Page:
BROWNSVILLE, Texas — Brownsville Pedicab, a downtown-based taxi and historical tour service founded in December, is stepping up to assist residents at risk of contracting COVID-19 who cannot leave their homes.
The small business's new delivery project aims to fill in gaps while adapting to the needs of the community under a shifting economy.
Owner Cynthia Lizardi Burlette and pedicab driver Shelly Patterson helped staff earlier this month at the Brownsville Wellness Coalition load boxes of freshly-picked produce into the back seat of one of the company's pedicabs.
Burlette and Patterson wore gloves and cloth masks, sewn by a local seamstress with Yolis Seamstress and Tailoring, preparing to make at least seven deliveries.
"We are going to load up and take these to businesses and individuals who are most vulnerable and unable to get out themselves," Patterson told The Brownsville Herald.
"This is a great way. It's very environmentally friendly with the bicycle. I'm in good shape and I'm happy to use my fitness and my ability to help out. We have the capacity to take quite a bit."
Patterson, who used to give historical tours, said that part of the business has come to a halt under state and county-wide emergency orders. Like other small businesses, Brownsville Pedicab was forced to evaluate how it can evolve to serve current needs, resulting in the delivery service.
"We decided to use what we have to contact businesses and see how they are adjusting real-time, and how we can fit into that plan to help as well. We're limited only by the amount of time and capacity we have," she said.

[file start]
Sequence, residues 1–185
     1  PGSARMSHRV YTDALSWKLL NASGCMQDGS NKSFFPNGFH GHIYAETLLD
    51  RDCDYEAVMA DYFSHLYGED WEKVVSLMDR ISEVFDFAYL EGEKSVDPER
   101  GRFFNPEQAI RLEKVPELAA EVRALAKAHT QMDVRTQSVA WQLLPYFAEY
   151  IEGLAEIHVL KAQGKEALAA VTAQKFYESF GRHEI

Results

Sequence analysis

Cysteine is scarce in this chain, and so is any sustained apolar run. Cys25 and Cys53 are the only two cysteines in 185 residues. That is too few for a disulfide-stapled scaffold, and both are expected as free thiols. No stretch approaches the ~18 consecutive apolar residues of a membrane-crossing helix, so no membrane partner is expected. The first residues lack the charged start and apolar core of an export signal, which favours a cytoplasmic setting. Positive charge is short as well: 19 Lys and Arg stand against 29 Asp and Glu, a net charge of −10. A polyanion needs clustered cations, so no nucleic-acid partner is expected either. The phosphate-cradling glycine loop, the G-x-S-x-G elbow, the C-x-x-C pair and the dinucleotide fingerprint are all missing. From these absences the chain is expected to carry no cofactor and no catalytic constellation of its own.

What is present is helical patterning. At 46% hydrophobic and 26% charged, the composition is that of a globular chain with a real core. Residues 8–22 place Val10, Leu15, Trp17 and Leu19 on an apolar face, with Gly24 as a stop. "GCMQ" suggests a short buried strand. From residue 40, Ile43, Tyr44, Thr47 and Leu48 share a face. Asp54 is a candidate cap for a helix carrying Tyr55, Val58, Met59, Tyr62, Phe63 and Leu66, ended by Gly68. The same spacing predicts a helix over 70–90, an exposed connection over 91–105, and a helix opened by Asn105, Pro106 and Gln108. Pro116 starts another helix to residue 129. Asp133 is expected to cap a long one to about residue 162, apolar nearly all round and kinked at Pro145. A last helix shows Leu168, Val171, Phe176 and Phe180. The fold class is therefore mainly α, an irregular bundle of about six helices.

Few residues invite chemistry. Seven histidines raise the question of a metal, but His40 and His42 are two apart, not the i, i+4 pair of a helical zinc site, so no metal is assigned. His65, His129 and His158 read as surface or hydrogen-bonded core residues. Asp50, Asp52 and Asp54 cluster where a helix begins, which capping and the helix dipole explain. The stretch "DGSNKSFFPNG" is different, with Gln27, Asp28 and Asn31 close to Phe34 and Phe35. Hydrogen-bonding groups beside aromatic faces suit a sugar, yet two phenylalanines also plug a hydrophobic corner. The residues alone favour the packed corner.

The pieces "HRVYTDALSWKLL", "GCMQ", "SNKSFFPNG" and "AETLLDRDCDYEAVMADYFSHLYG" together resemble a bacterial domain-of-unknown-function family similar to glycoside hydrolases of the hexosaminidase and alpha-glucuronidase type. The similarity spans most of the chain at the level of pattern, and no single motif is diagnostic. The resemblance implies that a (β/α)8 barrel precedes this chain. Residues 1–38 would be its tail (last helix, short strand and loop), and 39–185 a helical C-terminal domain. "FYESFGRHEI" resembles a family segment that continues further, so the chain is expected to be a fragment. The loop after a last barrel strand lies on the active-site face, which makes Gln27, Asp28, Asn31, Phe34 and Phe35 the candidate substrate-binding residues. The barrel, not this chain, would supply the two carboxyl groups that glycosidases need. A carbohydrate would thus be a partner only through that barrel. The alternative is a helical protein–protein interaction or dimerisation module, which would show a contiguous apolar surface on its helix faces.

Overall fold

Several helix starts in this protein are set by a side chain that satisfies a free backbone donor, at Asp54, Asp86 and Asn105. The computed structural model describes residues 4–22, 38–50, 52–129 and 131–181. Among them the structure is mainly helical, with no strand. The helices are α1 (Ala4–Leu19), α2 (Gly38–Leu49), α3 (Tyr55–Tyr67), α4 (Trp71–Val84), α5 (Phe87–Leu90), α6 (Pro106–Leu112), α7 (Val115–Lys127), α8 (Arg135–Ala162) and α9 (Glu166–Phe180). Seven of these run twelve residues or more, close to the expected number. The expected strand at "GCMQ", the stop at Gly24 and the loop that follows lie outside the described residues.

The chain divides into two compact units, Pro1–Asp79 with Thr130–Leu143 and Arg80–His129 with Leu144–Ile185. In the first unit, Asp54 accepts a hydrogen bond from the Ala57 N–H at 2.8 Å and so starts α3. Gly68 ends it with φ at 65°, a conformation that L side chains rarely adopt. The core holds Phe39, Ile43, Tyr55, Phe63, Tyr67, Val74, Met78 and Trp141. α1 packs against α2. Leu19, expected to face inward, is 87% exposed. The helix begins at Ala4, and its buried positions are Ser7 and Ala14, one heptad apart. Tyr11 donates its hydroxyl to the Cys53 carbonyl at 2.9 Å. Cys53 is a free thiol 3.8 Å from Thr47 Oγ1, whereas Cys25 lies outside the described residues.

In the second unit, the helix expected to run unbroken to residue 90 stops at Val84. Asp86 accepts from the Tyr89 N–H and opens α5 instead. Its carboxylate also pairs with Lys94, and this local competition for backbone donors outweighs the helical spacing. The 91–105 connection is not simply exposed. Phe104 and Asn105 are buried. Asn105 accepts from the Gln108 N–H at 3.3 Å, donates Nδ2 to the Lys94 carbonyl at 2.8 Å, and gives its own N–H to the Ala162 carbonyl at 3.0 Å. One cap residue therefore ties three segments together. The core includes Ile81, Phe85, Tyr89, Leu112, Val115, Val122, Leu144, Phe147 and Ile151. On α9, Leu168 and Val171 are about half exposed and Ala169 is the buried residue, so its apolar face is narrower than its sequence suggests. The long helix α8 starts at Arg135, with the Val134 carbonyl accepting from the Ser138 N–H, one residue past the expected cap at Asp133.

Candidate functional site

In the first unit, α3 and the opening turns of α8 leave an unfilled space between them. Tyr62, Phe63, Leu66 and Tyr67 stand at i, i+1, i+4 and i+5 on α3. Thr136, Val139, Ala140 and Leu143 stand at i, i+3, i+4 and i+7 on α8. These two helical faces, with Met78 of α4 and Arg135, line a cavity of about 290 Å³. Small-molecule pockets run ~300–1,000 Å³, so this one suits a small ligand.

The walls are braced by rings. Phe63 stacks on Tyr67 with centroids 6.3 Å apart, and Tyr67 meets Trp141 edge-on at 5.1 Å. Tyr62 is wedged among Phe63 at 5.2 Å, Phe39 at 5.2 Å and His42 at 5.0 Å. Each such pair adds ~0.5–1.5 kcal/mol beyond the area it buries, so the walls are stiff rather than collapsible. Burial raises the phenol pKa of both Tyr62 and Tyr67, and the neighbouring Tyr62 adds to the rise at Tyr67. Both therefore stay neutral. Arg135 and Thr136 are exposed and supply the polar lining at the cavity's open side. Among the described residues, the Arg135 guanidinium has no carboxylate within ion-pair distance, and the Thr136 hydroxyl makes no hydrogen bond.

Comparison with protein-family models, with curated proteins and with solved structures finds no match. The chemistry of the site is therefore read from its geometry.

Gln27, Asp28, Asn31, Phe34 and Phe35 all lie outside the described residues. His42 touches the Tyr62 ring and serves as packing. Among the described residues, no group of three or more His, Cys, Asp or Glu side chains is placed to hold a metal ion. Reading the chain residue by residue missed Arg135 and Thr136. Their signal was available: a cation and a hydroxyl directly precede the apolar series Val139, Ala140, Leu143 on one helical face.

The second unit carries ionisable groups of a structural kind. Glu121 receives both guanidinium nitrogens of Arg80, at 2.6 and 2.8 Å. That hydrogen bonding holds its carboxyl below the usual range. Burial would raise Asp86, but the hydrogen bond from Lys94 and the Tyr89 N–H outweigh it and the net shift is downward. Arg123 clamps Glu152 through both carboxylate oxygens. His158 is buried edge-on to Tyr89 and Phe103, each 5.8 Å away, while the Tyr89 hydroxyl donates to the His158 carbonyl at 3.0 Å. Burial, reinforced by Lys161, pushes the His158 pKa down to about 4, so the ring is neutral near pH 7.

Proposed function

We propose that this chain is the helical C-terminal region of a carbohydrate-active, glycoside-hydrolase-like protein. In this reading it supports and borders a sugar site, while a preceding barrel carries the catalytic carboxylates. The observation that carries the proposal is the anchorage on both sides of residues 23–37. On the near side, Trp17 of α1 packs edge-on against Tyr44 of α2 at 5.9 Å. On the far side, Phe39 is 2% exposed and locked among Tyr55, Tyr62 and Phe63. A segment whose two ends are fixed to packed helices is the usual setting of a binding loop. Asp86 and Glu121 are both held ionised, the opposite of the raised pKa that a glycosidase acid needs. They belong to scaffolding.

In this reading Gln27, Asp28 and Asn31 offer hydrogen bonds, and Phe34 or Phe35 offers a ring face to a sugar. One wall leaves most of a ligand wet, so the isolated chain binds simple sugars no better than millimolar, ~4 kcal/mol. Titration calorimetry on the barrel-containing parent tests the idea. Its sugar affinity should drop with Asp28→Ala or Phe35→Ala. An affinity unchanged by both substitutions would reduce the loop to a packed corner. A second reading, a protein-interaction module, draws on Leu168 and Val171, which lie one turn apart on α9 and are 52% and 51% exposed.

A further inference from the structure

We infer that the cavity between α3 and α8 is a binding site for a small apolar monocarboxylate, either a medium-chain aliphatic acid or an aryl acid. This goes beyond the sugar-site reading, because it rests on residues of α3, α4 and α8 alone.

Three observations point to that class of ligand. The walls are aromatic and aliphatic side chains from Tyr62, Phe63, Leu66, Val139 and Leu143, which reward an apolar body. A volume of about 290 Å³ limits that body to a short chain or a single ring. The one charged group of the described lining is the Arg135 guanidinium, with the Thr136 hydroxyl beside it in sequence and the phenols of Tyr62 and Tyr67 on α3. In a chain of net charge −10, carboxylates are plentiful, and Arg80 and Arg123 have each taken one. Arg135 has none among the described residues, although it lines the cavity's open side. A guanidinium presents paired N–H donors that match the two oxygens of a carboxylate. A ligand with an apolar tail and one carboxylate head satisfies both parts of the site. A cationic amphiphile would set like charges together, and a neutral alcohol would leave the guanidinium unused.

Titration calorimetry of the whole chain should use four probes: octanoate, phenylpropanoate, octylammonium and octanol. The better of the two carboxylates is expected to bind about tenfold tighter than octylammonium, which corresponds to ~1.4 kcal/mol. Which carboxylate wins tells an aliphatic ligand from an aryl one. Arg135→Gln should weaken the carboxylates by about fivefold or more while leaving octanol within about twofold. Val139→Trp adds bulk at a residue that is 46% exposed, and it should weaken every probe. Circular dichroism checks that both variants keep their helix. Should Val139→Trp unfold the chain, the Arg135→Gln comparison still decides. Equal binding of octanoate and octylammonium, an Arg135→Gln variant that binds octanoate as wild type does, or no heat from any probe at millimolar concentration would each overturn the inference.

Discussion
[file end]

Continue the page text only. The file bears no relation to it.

Burlette, who founded Brownsville Pedicab with co-owner Gilbert Velasquez late last year, said the decision to begin delivery services came in response to uncertainty rocking the community as ongoing emergency orders leave certain residents particularly vulnerable.
"I was sharing with Shelly this morning that my stomach was in knots listening to media and social feeds wondering what to do. When I reached out to people, they were just elated because of this vulnerability and taking precautionary measures and staying in the house," she said last Thursday.
"We have one delivery we're taking to a cancer patient. We're also delivering to those who are up in age and live by themselves. This is something they're looking forward to."
On Thursdays, a pedicab driver is making roughly half a dozen deliveries throughout the Mitte Cultural District and downtown areas. Anybody who knows someone in need can contact the business through its Facebook page or reach out to the Brownsville Wellness Coalition to coordinate the delivery of produce.
Burlette explained the company's mission had been about connecting locals and visitors to places and businesses through the transportation service. Shelter in place meant no more rides or tours, causing staff to re-evaluate Brownsville Pedicab's purpose in the community.
Work is expanding at the grassroots level as word spreads about the service. Brownsville Pedicab has also been making deliveries to Gladys Porter Zoo — currently in a spending freeze — to provide fresh feed to the animals.
"There are those who are vulnerable. They can't afford to take the risk because of their health, age, or illness. I reached out to neighbors and neighbors reached out to families, so the word is spreading. We're supporting farmers, we're supporting small businesses. And we're supporting and helping out the vulnerable."
According to Burlette, the company has three pedicabs, one of which is currently being used for deliveries. Should the need grow, there are two more, she specified. "It's about finding creative ways in which to maintain, to sustain, and to become relevant in what we're all dealing with."